3. The Genre
There will be no less than 40 Marvel/DC movies in the next 6 years - that's a lot, considering that 2014 alone had 5 superhero films - Captain America 2, Amazing Spider-Man 2, X-Men: DoFP, GoTG, and Big Hero 6 - and a fair number of viewers felt burned out by that much exposure. We suggested that continued genre-blending tactics could keep the genre fresh - but there is another answer, and it is crossover event films.
The strength of a crossover event film is that - unlike so many other cinematic narratives - it can hit the ground running with a lot of context (the world, the characters, the general state of affairs) already established and known. With less setup required, a crossover movie can spend more time servicing the primary conflict and make more time for the larger ensemble of characters. In short: we can get to the big exciting stuff a lot quicker, and/or spend more time getting to know the characters.
Crossover event Films also further open up the possibilities for Marvel and DC to utilize their respective libraries - something I personally stated already on the SR Underground podcast. Up until now, the genre has focused on developing individual heroes - almost exclusively through solo origin films and planned trilogy arcs; however, ever since the 1990s when publisher-wide comic book crossover events really started to become an annual ritual, there's been a new valuable commodity waiting to be utilized by film studios: big crossover event storylines - the type you now find collected in their own graphic novels.
Fox got wise to such an approach by pulling from one of the most famous X-Men storylines (and graphic novels), "Days of Future Past", and using it to both regain fan interest and jump-start the stalled X-Men Movie franchise. Meanwhile, The Amazing Spider-Man 2 tried to brand itself as a major event starter - didn't pull from a famous Spidey crossover or event storyline - and ended up getting lukewarm reception. We're not saying that adapting a famous event storyline was the sole reason X-Men: DOFP did better (obviously not) - but it is an interesting distinction.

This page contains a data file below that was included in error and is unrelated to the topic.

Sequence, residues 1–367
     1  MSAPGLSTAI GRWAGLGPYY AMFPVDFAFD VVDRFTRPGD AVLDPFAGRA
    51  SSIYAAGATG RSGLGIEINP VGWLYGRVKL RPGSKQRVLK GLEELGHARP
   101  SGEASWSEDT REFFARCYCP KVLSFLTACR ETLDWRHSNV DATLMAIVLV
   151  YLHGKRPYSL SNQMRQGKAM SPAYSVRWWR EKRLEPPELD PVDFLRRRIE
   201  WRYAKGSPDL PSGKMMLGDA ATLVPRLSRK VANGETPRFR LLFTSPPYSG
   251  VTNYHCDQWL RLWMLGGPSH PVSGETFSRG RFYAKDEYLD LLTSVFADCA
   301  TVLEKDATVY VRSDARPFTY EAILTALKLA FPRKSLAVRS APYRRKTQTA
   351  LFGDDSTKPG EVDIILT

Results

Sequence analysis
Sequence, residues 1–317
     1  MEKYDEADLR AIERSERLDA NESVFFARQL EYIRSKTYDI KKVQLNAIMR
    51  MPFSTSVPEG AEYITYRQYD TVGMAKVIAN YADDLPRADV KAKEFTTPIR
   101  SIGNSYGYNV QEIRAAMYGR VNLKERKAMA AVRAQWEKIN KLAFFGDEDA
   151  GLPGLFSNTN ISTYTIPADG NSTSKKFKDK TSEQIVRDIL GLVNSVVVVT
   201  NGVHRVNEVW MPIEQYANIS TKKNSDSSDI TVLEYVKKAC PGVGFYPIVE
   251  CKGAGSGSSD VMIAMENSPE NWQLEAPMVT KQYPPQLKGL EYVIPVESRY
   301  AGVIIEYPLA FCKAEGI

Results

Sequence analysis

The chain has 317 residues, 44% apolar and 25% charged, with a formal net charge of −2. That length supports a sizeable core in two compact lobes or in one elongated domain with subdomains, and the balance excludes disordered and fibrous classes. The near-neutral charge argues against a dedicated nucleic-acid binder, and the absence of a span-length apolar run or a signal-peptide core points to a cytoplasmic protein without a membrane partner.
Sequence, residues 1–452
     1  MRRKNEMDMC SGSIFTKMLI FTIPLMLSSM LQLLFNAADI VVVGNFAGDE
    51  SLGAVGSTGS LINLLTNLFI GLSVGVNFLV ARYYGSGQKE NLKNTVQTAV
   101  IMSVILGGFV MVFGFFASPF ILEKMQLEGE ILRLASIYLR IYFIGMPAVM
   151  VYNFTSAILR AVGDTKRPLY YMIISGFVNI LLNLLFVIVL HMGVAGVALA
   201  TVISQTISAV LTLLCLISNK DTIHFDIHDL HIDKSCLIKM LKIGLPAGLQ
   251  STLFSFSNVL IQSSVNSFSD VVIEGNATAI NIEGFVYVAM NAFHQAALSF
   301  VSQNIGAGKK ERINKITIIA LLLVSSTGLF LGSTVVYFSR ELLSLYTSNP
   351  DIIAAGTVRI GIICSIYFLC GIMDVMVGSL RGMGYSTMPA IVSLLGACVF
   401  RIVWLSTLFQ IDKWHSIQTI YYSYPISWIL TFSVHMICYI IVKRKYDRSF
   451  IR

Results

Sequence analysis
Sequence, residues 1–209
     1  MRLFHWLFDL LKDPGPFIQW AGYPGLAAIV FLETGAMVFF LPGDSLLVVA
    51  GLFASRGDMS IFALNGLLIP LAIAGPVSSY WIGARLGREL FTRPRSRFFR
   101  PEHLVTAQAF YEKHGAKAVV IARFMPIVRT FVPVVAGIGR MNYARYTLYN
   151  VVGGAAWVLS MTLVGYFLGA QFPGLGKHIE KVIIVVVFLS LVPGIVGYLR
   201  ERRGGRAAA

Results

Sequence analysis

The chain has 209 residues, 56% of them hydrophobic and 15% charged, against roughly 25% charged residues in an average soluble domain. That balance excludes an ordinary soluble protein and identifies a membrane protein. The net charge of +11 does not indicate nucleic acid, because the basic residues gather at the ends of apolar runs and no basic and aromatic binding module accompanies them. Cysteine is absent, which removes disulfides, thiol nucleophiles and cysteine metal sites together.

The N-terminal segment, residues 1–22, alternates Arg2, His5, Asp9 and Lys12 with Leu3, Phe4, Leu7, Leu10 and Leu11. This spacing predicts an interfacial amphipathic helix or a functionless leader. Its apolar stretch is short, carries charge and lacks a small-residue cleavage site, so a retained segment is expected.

We've said time and again that DC has no shortage of famous crossover event storylines to pull from ("Crisis", "Sinestro Corps War" "Throne of Atlantis"); on the Marvel side, "Civil War," "World War Hulk" and "Inifinity Gauntlet" have all been on fans' cinematic wish-lists for a long time. Any of them could be marketed and produced as huge superhero crossover event movies - likely inspiring more buzz than a film that just says Avengers or Justice League with some number and/or subtitle attached. Marvel's Civil War just sounds more epic than the limits of an Avengers title - and even helps to engender thoughts like our #2 item (see below).
2. Crossover Cooperation
Okay, so maybe this has a lot more to do with Marvel Studios than DC Entertainment - as the latter has all of its properties and characters safely tucked under the Warner Bros. tent. But there is room in this discussion for DC as well (more on that later). With superhero crossover event films eventually being cemented as their own brand, there will naturally come a different way of viewing and approaching those brands.
Marvel is fiercely protective and controlling of their Avengers team and solo films (it's a billion-dollar name, after all); Sony is protective of Spider-Man, and Fox of X-Men (those studios' only major superhero brands). However, outdated, defensive ways of making superhero movies could finally bend in favor of the potential returns on big crossover event films - returns that could extend far beyond the financial.
Spider-Man is the keystone character to watch. Talk of Sony lending Spider-Man to the Marvel Cinematic Universe (or vice versa) has never ceased - even though certain powers that be maintain that Spider-Man should remain the only star of his own franchise. Well, with event crossover films, any studio's heroes can still retain individuality and separation while also still getting exposure, dividends and possible acclaim from appearing in a big ensemble blockbuster.
In comic book lore, Spidey was the figurative child of divorce in Captain America's Civil War against Iron Man; it would be a shame if a Civil War movie couldn't give fans the Web-Slinger as a central figure in the conflict. No matter the allure of seeing RDJ and Chris Evans battling it out, there is no character currently in the MCU who embodies the struggle of superhero secret identity vs. registration as well as Spider-Man. There just isn't.